These amendments were passed under pressure from business lobbies, who claimed the insurance premiums were too high, (second in the nation to California) and insurance company lobbies who claimed the cost of medical care was too high. The insurance companies were threatening to stop writing coverage, or renewing policies and placing restrictions on the policies. It appeared to be a crisis and the legislature responded by enacting the amendments that curtailed workers’ benefits.


Regarding Florida Workers Compensation, What Does This Mean For Me?

Just yet, it is a bit early to be jumping for joy over this decision in favor of injured workers. Although the Attorney General did not participate in the case as a party to defend the constitutionality of the statute, it is a certainty that the decision will be appealed to the next highest court. The Attorney General’s office did file a memorandum in the case citing procedural and jurisdictional issues, and made the argument that the statute is constitutional.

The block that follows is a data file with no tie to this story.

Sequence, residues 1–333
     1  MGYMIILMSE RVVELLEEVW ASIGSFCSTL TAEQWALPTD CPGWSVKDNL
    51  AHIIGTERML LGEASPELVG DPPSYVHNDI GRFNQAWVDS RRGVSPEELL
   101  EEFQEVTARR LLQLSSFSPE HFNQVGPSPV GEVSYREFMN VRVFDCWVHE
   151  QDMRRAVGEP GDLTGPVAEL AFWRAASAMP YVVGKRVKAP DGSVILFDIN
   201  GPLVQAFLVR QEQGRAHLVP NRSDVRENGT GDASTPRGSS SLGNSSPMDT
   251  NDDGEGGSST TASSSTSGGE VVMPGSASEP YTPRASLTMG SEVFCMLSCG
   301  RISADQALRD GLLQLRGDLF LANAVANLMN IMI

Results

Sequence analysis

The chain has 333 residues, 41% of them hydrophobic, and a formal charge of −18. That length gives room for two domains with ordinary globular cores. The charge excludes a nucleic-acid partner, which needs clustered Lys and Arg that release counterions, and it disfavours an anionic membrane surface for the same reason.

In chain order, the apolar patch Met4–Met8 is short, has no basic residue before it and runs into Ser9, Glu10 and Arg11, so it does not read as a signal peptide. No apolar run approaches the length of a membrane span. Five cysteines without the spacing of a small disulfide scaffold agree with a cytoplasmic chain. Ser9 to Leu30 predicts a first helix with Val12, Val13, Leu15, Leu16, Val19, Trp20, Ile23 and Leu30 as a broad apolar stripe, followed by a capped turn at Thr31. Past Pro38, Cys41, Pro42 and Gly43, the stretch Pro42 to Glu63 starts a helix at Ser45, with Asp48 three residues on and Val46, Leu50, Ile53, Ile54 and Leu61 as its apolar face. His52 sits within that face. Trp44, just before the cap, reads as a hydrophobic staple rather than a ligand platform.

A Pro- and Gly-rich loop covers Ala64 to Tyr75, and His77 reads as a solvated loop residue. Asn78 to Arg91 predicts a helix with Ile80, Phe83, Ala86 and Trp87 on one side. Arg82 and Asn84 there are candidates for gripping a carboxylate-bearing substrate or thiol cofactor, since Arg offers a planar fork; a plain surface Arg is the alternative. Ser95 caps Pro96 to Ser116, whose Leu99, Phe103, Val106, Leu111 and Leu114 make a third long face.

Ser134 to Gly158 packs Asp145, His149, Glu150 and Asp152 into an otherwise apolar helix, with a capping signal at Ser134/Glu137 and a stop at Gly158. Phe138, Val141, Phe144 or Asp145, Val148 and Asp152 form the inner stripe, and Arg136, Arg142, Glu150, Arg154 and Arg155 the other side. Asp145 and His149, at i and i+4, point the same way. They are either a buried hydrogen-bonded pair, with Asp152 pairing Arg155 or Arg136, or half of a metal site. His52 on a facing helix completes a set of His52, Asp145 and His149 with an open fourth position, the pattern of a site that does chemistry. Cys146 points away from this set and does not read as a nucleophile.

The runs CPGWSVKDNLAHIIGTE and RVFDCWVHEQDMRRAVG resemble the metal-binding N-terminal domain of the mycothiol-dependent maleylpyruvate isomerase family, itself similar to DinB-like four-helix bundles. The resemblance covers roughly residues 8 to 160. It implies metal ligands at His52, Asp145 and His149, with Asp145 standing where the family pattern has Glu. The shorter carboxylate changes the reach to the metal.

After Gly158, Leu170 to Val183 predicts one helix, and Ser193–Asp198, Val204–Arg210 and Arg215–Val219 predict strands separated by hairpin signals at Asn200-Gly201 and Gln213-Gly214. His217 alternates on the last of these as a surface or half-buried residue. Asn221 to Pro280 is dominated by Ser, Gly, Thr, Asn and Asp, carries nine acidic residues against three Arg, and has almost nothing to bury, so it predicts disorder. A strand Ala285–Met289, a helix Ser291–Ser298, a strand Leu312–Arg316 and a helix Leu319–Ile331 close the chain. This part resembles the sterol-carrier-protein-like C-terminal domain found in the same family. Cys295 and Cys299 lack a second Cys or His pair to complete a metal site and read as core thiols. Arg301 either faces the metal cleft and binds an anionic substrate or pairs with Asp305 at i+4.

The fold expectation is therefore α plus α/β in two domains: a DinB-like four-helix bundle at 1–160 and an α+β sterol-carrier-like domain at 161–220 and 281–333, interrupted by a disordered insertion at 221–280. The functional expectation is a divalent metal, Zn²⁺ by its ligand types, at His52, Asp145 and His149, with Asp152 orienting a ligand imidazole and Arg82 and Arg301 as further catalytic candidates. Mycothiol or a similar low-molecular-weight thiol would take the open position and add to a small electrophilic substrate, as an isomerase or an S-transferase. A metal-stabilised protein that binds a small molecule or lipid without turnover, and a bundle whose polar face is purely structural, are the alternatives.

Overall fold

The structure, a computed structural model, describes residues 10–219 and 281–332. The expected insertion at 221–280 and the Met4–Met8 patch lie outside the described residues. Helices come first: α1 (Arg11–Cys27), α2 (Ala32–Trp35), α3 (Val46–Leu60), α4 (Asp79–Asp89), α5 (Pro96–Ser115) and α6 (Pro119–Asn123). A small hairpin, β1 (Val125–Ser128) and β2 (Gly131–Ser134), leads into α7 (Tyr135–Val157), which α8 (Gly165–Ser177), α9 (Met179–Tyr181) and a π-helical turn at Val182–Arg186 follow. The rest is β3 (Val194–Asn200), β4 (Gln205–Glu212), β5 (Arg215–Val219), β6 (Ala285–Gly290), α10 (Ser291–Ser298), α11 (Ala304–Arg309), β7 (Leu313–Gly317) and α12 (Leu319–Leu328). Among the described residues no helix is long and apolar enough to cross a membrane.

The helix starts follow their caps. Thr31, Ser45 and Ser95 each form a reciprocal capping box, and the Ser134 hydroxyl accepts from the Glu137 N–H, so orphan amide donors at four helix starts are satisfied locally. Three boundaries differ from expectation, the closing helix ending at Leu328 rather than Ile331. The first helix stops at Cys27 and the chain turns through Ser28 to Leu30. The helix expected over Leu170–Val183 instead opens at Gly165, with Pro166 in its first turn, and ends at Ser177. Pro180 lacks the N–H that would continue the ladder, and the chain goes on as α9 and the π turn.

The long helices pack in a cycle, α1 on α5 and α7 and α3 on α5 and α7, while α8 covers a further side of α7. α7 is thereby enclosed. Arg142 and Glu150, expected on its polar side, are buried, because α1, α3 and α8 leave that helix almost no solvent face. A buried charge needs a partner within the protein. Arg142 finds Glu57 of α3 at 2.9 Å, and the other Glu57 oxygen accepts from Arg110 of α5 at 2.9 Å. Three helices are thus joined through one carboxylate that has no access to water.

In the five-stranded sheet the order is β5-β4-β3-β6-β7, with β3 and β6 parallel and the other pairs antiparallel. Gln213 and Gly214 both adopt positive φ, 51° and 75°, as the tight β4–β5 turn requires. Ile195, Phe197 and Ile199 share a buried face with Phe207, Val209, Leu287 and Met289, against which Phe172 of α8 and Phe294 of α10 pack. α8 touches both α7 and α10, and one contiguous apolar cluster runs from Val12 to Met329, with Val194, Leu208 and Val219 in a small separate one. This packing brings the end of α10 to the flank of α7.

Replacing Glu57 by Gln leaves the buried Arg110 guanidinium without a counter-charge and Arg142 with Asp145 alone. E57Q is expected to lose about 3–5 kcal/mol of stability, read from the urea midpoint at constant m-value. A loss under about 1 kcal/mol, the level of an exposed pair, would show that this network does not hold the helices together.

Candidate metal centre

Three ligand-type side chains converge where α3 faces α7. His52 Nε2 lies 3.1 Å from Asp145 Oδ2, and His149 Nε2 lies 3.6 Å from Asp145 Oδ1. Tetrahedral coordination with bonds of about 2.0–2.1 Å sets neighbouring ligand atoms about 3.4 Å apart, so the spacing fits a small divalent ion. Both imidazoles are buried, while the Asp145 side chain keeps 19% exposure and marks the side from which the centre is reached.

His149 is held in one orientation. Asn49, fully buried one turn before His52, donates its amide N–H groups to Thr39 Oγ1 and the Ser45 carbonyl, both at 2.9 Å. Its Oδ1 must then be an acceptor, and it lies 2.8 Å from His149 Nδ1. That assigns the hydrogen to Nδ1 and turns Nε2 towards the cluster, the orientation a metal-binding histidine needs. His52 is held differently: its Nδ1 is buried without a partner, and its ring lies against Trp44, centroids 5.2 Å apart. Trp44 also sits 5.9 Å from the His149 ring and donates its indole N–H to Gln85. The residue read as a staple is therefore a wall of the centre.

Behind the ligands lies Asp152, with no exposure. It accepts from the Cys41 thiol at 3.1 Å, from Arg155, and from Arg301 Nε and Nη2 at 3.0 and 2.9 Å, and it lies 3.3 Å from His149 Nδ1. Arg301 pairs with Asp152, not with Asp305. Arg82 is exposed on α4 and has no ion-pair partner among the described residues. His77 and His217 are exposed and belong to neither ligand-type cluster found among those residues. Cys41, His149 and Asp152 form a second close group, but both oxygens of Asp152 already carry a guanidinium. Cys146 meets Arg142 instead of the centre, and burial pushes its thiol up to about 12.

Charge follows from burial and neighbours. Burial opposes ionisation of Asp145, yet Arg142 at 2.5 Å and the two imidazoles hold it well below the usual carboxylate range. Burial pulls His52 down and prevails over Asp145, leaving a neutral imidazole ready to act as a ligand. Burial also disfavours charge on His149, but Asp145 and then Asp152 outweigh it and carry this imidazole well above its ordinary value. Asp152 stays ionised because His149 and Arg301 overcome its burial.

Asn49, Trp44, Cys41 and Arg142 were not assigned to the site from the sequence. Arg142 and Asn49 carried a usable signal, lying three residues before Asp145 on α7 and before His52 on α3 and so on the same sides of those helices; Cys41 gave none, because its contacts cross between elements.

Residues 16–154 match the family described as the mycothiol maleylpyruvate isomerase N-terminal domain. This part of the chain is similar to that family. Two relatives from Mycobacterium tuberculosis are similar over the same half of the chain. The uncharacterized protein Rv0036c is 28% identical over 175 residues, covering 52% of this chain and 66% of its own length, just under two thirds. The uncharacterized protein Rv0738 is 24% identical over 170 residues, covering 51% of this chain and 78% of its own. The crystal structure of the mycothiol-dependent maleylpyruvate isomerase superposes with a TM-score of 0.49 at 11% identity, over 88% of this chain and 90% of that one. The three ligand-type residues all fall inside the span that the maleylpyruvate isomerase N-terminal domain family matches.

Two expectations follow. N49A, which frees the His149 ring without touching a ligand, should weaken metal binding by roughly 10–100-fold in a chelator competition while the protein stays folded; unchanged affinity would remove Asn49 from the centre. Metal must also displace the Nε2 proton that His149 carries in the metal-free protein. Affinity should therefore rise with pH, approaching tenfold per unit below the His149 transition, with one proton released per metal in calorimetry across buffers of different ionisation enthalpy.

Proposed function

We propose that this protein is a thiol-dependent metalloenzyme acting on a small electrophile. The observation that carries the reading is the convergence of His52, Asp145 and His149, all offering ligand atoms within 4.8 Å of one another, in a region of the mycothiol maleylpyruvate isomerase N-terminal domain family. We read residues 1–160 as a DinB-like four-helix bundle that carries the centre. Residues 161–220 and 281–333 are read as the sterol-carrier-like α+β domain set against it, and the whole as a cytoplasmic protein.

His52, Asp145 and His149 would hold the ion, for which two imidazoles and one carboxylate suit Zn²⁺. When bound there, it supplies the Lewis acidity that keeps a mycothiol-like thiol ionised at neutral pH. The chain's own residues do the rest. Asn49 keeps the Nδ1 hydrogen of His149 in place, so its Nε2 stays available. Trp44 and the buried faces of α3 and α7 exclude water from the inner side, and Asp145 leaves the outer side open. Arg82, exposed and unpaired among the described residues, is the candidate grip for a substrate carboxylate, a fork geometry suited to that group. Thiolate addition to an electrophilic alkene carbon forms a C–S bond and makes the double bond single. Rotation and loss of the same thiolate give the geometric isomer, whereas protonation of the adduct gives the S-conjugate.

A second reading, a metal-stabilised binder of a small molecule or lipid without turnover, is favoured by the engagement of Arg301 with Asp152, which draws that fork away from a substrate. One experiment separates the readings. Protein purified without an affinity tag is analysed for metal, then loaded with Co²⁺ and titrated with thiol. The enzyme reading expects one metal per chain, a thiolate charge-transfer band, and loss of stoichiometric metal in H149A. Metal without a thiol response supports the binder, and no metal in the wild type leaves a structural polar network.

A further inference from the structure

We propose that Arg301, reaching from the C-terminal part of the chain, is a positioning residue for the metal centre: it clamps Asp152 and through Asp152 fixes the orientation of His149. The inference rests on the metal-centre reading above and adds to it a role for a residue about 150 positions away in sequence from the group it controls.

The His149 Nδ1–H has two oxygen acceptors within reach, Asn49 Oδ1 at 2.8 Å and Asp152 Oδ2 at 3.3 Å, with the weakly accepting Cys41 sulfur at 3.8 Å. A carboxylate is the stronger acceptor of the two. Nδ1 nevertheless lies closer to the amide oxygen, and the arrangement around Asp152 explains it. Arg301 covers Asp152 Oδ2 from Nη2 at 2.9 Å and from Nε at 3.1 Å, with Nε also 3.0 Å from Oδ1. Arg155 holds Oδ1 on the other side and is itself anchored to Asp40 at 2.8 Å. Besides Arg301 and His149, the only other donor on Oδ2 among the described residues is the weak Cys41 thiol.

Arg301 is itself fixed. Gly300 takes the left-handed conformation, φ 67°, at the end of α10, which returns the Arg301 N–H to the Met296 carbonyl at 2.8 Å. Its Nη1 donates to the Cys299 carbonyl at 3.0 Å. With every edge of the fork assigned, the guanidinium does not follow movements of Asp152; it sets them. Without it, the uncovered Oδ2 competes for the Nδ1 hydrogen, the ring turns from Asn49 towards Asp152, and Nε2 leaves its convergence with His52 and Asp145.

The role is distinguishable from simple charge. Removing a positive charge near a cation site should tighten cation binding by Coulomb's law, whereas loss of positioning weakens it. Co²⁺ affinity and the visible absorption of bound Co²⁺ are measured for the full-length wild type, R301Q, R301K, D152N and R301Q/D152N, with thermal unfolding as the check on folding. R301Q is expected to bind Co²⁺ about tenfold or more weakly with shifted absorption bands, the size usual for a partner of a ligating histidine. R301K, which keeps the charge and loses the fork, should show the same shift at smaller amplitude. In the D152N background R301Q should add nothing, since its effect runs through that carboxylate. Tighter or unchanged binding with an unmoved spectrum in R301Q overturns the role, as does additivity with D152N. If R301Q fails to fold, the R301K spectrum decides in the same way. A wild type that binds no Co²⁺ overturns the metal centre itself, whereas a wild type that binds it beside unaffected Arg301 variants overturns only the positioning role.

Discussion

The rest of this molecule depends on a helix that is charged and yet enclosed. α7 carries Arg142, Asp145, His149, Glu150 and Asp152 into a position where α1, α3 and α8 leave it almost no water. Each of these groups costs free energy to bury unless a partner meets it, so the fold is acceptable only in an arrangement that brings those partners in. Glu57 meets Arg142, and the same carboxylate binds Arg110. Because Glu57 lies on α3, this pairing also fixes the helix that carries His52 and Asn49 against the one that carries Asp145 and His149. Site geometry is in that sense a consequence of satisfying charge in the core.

The decision raises all sorts of questions – what will happen to claims currently in process? What about claims that have already been adjudicated? Will they be revisited? What might take the place of the current system if this ruling is upheld? There are certainly more questions than answers right now, but we promise to keep you apprised of the progress of this issue. It will be extremely interesting to watch.

In the meantime, until the smoke clears, if you or someone you know has been injured on the job, it is imperative you seek experienced workers compensation counsel. There are time limits within which to file your claim, and procedural steps to take before your claim can be processed. An attorney experienced in workers compensation can assist you in pursuing your claim.